• Harris, William (PI)

Project: Research project

Project Details


The low incidence of cardiovascular diseases among fish-eating
populations has led to the hypothesis that fish oils containing
omega-3 fatty acids (w3 FA) may be protective agents. Clinical
studies have shown that high intakes of fish oils cause total
cholesterol and, particularly, triglyceride levels to fall in normals
and hyperlipidemic patients. Although in these studies low
density lipoprotein (LDL) cholesterol levels were reduced, recent
studies utilizing more practical intakes of fish oil (less than 20
gm/day) have found significant elevations in LDL cholesterol
levels, especially in patients with hypertriglyceridemia (HTG).
Thus, the usefulness of fish oil may be limited in this population.
We propose to study very low density lipoprotein (VLDL) and LDL
apolipoprotein B metabolism in 32 HTG patients given fish oil vs.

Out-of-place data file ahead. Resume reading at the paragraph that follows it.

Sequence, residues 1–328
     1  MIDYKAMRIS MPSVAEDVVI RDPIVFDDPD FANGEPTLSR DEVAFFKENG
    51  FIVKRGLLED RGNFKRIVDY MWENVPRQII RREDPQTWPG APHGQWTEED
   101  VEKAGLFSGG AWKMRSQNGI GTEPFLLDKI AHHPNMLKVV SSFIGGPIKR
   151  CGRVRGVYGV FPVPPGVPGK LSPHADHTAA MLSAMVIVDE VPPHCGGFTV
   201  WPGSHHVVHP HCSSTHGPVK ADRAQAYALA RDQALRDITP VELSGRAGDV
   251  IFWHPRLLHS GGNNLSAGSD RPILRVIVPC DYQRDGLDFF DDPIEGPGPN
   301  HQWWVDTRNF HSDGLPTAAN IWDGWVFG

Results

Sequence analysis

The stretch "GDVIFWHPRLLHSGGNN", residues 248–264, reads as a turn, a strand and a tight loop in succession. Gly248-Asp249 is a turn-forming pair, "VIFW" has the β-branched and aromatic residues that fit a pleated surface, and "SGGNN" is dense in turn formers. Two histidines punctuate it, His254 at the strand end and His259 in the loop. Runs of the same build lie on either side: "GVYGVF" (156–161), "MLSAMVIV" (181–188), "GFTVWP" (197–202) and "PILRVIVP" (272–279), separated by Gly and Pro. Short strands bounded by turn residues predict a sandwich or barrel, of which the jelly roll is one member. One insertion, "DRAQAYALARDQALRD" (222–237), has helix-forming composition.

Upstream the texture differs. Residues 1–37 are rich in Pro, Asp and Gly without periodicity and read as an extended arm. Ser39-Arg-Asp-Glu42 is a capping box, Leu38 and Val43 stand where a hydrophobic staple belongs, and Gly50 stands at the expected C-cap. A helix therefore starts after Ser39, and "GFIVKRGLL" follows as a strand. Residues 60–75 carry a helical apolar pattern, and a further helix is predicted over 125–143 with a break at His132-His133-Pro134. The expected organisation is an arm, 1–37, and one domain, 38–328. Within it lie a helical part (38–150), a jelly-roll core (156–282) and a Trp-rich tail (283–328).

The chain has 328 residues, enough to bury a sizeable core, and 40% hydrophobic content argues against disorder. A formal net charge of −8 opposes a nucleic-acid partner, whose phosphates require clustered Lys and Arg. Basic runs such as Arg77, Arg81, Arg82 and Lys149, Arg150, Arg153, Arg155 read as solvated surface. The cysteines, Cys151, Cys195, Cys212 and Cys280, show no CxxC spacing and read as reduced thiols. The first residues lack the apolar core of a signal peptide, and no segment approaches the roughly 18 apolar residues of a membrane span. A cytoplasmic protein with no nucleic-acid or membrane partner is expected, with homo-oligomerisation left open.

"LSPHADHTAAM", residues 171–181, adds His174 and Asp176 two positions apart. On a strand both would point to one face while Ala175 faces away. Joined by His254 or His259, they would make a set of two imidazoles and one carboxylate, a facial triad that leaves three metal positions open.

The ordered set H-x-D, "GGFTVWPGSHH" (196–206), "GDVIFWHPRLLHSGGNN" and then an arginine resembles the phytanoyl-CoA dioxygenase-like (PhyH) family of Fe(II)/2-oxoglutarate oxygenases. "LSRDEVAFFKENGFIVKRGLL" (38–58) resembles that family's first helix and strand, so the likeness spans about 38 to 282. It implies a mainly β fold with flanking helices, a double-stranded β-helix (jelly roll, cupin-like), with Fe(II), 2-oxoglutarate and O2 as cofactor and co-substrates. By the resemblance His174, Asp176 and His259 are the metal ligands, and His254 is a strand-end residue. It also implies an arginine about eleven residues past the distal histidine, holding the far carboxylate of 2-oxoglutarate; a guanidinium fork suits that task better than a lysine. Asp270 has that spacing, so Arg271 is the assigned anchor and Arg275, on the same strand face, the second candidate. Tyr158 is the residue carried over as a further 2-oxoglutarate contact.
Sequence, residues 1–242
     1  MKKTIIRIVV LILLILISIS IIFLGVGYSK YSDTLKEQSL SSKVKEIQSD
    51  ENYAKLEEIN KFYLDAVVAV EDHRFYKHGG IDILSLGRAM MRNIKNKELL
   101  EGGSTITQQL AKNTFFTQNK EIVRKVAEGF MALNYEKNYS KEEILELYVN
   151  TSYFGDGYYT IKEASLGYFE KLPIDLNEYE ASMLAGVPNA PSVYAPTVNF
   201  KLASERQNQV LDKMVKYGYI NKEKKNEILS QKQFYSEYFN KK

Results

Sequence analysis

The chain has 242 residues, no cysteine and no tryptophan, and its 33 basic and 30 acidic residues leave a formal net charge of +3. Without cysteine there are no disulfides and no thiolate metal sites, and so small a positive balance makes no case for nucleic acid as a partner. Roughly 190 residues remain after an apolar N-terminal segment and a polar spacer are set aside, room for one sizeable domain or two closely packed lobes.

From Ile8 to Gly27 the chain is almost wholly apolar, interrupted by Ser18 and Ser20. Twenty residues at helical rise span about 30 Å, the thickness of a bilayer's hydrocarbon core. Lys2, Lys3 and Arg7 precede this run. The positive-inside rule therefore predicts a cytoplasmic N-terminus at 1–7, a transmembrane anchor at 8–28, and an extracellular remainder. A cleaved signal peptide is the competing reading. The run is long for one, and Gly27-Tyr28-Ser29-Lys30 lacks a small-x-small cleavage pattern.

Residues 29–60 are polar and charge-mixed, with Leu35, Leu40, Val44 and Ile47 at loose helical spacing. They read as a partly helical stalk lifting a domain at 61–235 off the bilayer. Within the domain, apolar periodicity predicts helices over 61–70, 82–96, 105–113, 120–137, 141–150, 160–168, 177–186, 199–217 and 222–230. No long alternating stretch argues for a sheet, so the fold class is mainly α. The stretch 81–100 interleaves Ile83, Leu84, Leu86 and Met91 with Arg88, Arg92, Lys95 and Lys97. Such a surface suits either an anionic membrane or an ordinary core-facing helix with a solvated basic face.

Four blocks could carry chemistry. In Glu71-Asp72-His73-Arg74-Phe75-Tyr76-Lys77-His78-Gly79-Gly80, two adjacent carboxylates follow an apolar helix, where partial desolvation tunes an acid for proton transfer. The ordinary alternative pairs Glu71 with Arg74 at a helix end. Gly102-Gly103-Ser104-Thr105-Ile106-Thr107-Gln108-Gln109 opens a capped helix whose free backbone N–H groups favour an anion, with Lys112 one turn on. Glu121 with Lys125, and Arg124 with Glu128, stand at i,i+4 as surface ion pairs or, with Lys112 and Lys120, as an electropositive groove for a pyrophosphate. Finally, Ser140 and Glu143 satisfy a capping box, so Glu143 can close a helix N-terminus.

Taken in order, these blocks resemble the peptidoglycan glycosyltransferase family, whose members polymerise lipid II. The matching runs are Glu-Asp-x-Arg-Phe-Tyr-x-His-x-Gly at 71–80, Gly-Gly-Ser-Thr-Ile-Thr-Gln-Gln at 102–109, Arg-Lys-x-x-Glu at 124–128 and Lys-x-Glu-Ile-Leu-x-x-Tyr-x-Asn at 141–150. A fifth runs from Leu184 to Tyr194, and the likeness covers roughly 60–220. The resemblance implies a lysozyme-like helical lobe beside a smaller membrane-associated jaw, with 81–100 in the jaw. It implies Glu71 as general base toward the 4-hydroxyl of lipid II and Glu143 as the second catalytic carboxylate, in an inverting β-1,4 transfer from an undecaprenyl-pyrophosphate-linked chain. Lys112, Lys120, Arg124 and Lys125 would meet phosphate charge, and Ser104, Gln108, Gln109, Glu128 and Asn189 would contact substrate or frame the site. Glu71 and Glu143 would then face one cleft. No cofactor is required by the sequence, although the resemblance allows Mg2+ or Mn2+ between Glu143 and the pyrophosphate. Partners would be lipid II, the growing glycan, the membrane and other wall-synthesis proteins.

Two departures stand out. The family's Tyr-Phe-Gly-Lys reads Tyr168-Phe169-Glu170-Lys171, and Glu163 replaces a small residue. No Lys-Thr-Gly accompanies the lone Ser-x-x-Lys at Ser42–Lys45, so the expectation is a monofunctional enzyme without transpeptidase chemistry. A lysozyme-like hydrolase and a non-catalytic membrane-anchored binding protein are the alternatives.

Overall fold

a vegetable oil control. They will receive 12, 1-gm capsules of
the oils per day for 2, randomly assigned, 6-week periods. In 8
HTG patients with familial combined hyperlipidemia (FCHL) and 8
with familial hypertriglyceridemia (FHTG), the kinetics of 2
VLDL subfractions will be studied during each of the two
treatment phases. In a different group of 8 FCHL and 8 FHTG
patients, LDL kinetic studies will be done. Also, changes in the
chemical composition of VLDL and LDL will be measured by
combined ultracentrifugation and column chromatography in both
groups of HTG patients and in a group of 8 normal subjects. We
should be able to determine whether the increase in LDL
cholesterol in HTG patients given fish oil supplements is the
result of 1) increased conversion of large and/or small VLDL to
LDL, 2) direct hepatic secretion of LDL, 3) decreased removal of
LDL from the plasma because of increased competition from
small VLDL for removal mechanisms, or 4) decreased removal of
LDL because of a direct effect of w3 FA on receptor or non-
receptor mediated pathways. These studies should reveal the
mechanisms by which w3 FA supplements alter lipoprotein
metabolism in HTG patients.
Effective start/end date7/1/8812/31/94


  • National Institutes of Health: $84,654.00
  • National Institutes of Health: $91,615.00


  • Medicine(all)


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